Jesus then goes on to unpack this new agenda of God:
Then Jesus called the crowd to him along with his disciples and said: “Whoever wants to be my disciple must deny themselves and take up their cross and follow me. For whoever wants to save their life will lose it, but whoever loses their life for me and for the gospel will save it. What good is it for someone to gain the whole world, yet forfeit their soul? Or what can anyone give in exchange for their soul? If anyone is ashamed of me and my words in this adulterous and sinful generation, the Son of Man will be ashamed of them when he comes in his Father’s glory with the holy angels.”
Whoever wants to be my disciple must (pick up their sword and go to battle and make themselves as rich and powerful as possible). No – he says they must deny themselves and take up their cross and follow me. For whoever wants to save their life will lose it, but whoever loses their life for me and for the gospel will save it.
Not exactly the rally cry his disciples were anticipating, right? These may be familiar words for you – they are familiar to us, yet this is a powerful, poetic vision that for Peter and the disciples was completely shocking and a complete surprise. Jesus’ final piece of this Big Reveal of his identity, is also our first glimpse of the cross, that THIS is what the way of Jesus means. Jesus is describing what the path is like to get to the kind of victory God desires for the world. And the path is not armor and glory and fame and power. If anything, it is the opposite. This surprising way of the cross has been called the Great Reversal. The flipping upside down of everything the world values.
Timothy Keller puts it this way: “The pattern of the Cross means that the world’s glorification of power, might, and status is exposed and defeated. On the Cross Christ wins through losing, triumphs through defeat, achieves power through weakness and service, comes to wealth via giving all away. Jesus Christ turns the values of the world upside down” (The Reason for God, Timothy Keller).
Sorry, Peter, Jesus says, the road ahead is going to be rough and different than you thought. And yet, Jesus says, this is the road that will actually lead to the kind of life you really long for. You will save your life if you go this way.
Revealing true identify changes everything – that is most certainly true here, as the trajectory of Mark’s gospel has shifted, now setting a course toward suffering and death on a cross.
Now for us. I want us to hold all this and listen and talk about what Jesus’ Big Reveal has to do with our lives here and now, ok? Observe with me: Jesus begins this conversation by asking the disciples two questions, “Who do people say I am?” A reflection on what they have heard the chatter to be, what people are saying about Jesus. Now, question – Did Jesus really not know what was being said? Of course he knew. So why did he ask them? He wanted his disciples to pay attention to what was being said in the wider culture. And he follows up that question with the question that really matters, the question inviting them to pay attention to what’s being said inside of them. Who do you say that I am? And to then, distill down and speak out loud who they see Jesus to be.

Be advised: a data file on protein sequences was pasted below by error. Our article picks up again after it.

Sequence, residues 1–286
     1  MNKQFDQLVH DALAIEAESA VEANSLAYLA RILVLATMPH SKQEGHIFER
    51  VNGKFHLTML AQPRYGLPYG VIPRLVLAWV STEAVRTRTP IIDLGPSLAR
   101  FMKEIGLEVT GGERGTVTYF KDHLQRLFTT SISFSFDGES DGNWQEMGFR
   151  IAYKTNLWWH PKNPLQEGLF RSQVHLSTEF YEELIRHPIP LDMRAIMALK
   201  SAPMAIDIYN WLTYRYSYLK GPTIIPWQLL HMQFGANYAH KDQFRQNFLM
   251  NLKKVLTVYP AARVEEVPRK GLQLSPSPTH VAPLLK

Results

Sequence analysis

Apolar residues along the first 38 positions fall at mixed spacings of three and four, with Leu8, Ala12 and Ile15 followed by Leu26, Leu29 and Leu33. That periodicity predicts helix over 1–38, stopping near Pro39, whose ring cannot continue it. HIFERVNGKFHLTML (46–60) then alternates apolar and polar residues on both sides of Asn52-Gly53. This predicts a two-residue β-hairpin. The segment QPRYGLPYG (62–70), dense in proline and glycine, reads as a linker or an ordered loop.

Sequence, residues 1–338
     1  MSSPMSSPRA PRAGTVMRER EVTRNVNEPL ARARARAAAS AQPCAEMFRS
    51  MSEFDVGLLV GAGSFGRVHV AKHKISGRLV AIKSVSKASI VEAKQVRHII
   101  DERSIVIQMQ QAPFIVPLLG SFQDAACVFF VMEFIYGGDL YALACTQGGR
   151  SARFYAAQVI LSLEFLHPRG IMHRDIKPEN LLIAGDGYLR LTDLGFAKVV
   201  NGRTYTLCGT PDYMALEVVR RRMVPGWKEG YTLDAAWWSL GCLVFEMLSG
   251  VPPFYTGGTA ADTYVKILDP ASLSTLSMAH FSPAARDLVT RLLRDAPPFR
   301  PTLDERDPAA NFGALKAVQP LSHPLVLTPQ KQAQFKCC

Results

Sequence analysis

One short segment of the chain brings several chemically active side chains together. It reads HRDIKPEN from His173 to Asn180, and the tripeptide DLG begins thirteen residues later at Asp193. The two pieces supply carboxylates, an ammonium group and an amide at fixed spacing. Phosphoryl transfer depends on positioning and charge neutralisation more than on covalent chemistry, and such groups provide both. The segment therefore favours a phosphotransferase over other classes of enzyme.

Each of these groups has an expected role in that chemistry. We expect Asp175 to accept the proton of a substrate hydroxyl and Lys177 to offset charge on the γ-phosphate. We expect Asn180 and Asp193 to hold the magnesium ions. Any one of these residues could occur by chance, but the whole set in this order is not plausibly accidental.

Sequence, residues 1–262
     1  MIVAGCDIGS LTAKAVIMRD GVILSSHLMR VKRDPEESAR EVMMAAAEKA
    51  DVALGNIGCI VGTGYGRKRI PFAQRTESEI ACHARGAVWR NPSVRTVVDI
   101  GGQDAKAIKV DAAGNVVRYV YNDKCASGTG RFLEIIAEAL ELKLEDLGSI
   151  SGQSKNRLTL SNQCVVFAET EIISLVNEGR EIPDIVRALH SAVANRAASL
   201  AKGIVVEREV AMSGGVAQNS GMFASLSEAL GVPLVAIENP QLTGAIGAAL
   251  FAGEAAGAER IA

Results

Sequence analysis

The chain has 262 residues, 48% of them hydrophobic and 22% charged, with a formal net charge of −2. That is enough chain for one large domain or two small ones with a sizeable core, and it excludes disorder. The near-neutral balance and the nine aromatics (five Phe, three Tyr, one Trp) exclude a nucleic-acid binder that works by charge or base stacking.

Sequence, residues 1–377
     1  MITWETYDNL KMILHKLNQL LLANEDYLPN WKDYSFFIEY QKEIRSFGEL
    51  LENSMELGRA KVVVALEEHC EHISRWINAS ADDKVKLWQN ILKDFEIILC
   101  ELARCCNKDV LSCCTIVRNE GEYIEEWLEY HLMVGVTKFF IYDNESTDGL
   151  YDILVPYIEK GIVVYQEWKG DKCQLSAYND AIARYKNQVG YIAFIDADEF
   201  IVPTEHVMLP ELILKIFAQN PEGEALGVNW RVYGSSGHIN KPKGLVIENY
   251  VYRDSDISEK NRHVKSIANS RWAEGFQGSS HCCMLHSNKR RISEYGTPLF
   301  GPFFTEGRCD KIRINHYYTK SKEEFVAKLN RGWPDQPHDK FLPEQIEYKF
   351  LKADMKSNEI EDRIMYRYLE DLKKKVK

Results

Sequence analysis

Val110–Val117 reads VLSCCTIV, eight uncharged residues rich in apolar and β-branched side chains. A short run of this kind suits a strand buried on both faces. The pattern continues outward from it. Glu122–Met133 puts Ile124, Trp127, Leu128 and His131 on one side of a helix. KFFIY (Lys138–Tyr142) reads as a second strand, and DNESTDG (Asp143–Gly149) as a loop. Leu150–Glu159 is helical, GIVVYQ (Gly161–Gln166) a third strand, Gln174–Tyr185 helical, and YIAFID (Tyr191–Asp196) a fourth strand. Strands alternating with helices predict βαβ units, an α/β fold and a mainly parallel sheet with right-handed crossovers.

As with all things Jesus does, it is not only for the benefit of the folks there at that time, but for us throughout time who follow Jesus to hear this spoken to us, too. And so we, too, see these two questions asked, side by side. First, we, also, are invited to pay attention to what’s being said in the wider culture as well as pay attention to what is being said inside of us – and as we see here in this text – all too often what we hear outside in our culture, will be very different than what we hear within us, as to who we believe Jesus to be. What others say, what we say, there will all too often not be a match.
And I would guess that this disparity, difference is what y’all often experience in your every day life. How would you answer this first question: Looking around at our family, friends, coworkers, acquaintances: who do people that we know say Jesus is? What do they say about him?... Or how is Jesus portrayed in the media? I think there is a wide spectrum, from positive to critical. People do say he’s a prophet, God, Son of God, Dead, irrelevant, Fantasy, false, outdated, a wise teacher, savior of the world, God incarnate, healer, redeemer, God-with-us.
Here’s the thing about these questions Jesus asks: I had never thought about it until studying this text this week, but I think part of why Jesus asks these questions side by side, is because Jesus knew that there would always be folks who don’t see Jesus in a positive light, whose perspective could make us feel stupid, irrelevant, outdated. And Jesus knew that because of this, how hard it would be at times to name, and live, and own our own faith when there are so many voices disagreeing with us. Do you see that here? We observe this then, as an encouraging, honest, grounding reality for us. There will always be those differing opinions. That the way of the cross will always be a hard way to go.
And noticing that, we then as we read this Big Reveal and Jesus’ questions, of course, Jesus asks you and me and all of us, the very real and personal question: Who do you say that I am? You.